Category Archives: Programming A to Z

Useful Want Ads!

For my first Twitterbot, I decided to make a program to generate classified ads. I took a lot of inspiration from Magic Realism Bot and Art Assignment Bot, and it seemed to me that a good way to begin was to look for places that text appears in small chunks with certain conventions of form and content, and play with those to create something interesting. Classified ads seemed to be an ideal genre for a number of reasons, most notably because they tend to be very terse and to the point (having been charged-for by the letter in the pre-internet age, a weirdly perfect analog to the 140 permitted characters of Twitter), and their lingo provides a rich opportunity for constructing bizarre statements.

The first ad type I have created is a job posting. I tried to walk a line between randomness (which might create something funny or surprising, but might also get tediously silly) and over-determination (which would be boring). I also took pains to try to vary the structure and content of the tweets (drawing from a list of available sentences, providing a couple potential structures for each sentence, weighting vocabulary items to prevent them from reappearing immediately, sometimes adding an article here or there) to keep them from becoming too rote too quickly. The result is a mishmash, but I think it’s on the way to becoming interesting.

Sample tweets:

“Established hedge fund looking for a snake oil salesperson. Key responsibilities: flim-flam, light housekeeping. Must provide own transport.”

“Home-based business looking for a woodchuck walker. Base pay is 12000 lei per week. Discretion assured.”

My intention is to continue the project to include multiple types of classified ads – next will be missed connections, followed by personal ads, real estate listings, items for sale… who knows?

As far as the bones of it go, at the moment it’s a little more hard-coded than I would like, with a fairly limited vocabulary. The two ways to improve this that I can see are either to just keep  adding different words and tweaked structures, or to try to let the computer figure out content and structure by reading Tweets, craigslist postings, etc.. The latter is obviously the far harder of the two, but I’d be interested in giving it a shot.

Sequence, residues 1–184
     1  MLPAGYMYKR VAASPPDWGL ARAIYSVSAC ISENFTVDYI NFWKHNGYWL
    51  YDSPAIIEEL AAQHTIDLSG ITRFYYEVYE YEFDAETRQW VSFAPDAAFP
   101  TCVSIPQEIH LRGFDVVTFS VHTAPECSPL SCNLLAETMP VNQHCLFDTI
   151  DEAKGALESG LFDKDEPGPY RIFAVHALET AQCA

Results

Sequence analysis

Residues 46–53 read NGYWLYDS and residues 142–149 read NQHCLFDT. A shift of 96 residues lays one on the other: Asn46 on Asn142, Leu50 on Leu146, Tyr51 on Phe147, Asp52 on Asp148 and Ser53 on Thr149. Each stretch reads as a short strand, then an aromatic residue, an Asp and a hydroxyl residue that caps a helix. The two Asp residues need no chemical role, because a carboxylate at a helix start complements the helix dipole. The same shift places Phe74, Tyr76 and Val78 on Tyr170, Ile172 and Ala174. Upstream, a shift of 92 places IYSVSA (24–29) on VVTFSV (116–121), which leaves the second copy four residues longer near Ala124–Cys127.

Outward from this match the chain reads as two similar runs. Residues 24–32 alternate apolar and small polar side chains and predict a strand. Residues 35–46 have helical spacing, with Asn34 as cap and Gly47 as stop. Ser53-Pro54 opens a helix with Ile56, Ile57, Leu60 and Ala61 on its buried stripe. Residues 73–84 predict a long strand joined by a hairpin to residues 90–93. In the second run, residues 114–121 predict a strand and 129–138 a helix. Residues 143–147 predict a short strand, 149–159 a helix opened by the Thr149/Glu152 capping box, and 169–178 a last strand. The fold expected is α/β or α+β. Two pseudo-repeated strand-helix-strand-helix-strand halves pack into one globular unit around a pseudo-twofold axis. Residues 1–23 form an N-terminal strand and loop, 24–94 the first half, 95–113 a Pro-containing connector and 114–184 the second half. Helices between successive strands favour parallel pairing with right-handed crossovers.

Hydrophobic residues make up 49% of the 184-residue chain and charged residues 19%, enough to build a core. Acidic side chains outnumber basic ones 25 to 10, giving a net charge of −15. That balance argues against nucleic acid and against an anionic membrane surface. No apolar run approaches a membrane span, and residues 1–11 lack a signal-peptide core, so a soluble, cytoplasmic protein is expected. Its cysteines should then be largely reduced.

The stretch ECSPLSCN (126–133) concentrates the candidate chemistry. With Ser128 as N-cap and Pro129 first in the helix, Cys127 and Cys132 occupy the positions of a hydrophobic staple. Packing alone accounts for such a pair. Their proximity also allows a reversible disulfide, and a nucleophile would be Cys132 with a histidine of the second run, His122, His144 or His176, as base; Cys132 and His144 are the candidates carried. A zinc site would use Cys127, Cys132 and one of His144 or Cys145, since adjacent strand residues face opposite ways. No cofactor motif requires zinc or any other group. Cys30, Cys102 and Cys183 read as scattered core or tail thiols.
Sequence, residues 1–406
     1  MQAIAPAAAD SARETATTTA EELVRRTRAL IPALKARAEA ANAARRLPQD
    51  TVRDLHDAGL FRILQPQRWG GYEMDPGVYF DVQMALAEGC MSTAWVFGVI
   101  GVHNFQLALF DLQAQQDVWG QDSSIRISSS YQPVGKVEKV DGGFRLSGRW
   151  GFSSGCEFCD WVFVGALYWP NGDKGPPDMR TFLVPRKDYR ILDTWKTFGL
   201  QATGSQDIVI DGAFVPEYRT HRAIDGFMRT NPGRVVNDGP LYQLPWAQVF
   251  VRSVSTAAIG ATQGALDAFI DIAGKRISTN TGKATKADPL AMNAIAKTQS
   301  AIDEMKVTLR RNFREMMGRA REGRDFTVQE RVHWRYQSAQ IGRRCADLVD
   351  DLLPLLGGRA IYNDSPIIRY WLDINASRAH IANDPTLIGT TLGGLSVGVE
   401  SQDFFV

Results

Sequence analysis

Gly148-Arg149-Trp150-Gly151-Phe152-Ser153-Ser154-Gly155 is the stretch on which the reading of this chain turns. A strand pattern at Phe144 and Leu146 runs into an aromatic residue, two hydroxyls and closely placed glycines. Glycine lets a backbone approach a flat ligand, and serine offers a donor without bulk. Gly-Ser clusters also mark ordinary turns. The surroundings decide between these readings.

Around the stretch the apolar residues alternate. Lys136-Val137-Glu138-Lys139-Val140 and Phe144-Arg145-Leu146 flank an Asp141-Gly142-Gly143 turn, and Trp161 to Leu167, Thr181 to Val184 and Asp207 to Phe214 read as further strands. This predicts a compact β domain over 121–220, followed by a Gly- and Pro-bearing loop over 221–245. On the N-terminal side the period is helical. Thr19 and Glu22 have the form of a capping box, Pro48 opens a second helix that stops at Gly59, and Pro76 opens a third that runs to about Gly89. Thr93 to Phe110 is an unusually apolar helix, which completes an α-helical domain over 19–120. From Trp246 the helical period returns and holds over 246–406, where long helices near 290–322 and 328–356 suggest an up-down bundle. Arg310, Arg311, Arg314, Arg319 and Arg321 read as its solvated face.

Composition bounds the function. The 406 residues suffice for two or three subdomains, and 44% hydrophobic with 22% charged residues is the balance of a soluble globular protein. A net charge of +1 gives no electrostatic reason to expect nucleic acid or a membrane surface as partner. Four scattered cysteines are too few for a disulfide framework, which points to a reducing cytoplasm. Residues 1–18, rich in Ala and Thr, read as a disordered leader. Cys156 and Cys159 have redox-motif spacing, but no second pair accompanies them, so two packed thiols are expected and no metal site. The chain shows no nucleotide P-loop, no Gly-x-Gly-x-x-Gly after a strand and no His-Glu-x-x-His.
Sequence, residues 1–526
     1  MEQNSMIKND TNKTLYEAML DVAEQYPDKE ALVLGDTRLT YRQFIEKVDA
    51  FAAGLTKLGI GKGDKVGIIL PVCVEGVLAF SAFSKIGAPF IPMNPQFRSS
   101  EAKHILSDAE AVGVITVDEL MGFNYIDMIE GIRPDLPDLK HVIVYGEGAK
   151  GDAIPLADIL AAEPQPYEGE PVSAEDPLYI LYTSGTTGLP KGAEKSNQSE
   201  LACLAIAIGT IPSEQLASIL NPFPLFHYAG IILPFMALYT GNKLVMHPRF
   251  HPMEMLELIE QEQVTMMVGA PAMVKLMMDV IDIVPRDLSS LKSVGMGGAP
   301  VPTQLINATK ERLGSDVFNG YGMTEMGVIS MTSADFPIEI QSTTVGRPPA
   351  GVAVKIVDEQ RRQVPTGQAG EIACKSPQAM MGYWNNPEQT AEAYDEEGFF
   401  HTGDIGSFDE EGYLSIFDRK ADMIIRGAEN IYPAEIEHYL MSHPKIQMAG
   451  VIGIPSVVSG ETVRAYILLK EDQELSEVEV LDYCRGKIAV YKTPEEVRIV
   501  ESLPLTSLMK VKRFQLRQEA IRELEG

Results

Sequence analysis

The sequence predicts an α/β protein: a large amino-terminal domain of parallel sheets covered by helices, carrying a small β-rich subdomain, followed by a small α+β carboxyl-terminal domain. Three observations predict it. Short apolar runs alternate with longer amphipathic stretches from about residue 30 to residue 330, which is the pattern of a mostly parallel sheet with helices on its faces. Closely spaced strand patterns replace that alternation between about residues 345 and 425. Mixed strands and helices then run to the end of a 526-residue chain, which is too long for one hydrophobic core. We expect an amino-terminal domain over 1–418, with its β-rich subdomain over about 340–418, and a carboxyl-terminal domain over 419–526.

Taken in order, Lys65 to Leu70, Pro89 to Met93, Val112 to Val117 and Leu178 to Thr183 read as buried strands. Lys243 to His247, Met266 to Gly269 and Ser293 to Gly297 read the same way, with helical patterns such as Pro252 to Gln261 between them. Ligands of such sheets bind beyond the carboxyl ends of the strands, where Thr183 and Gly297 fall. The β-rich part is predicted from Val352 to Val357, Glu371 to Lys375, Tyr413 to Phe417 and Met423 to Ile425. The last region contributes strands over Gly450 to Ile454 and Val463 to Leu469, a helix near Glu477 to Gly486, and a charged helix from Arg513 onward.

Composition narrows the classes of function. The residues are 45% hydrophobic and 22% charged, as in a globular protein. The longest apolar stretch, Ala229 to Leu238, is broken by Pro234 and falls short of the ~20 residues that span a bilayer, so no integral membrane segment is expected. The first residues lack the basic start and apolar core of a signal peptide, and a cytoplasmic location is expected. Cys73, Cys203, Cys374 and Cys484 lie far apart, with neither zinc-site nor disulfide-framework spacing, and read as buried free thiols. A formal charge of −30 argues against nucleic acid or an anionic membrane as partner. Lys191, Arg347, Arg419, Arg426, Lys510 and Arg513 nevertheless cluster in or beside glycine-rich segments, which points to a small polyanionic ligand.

A Machine for Shuffling Poems

1)  Pick a poem.

2) Get two pieces of paper.

3) Look at the first word of the poem – what part of speech is it? You can be as specific or as vague as you’d like. On one piece of paper, write the part of speech as though it were the first word of your poem; on the other, write the part of speech and then the word from your poem under it.

4) Repeat for every word in your poem. When you come to a part of speech you haven’t yet encountered, make a new column; when you come to a repeated part of speech, toss the new word in with its fellows. Preserve punctuation.

5) You should now have a dummy poem that looks like:

“Noun noun verb adjective adverb!

Noun conjunction noun verb, etc.”

6) Use an algorithm of your choice to shuffle the elements of each part-of-speech group.

7) Fill the poem back in using the words in order from the appropriate group. If you’ve done this correctly, you shouldn’t have any words left over.

8) Read and determine whether you have increased, decreased, or left unchanged the sense of the poem.

So here it is in action!

I chose a current favorite poem, a super-bleak piece of Victorian humor by WE Henley:

Madam Life’s a piece in bloom
Death goes dogging everywhere:
She’s the tenant of the room,
He’s the ruffian on the stair.

You shall see her as a friend,
You shall bilk him once or twice;
But he’ll trap you in the end,
And he’ll stick you for her price.

With his kneebones at your chest,
And his knuckles in your throat,
You would reason — plead — protest!
Clutching at her petticoat;

But she’s heard it all before,
Well she knows you’ve had your fun,
Gingerly she gains the door,
And your little job is done.

I broke it down into to components – the structure:


and the ingredients:


I then shuffled the list orders using a simple p5 sketch, and the results are… I think even “interesting” is probably pushing things a bit far. But it’s recognizable as language, at least, and every now and then there’s a nice turn of phrase. Here it is:

Job throat knows a piece of bloom
End’s dogging twice:
He goes the madam in the death,
She’s a tenant on the price.

She would protest you in the fun,
You shall plead her once but well;
Or you shall reason it with the stair,
And he’ll see you at your petticoat.

At your kneebones as your chest,
And her knuckles in his ruffian,
You’ll bilk – trap – stick!
Clutching for her friend;

And he’s had him all gingerly,
Everywhere you is she’ve heard your room,
Before she’s the door,
But his done life gains little.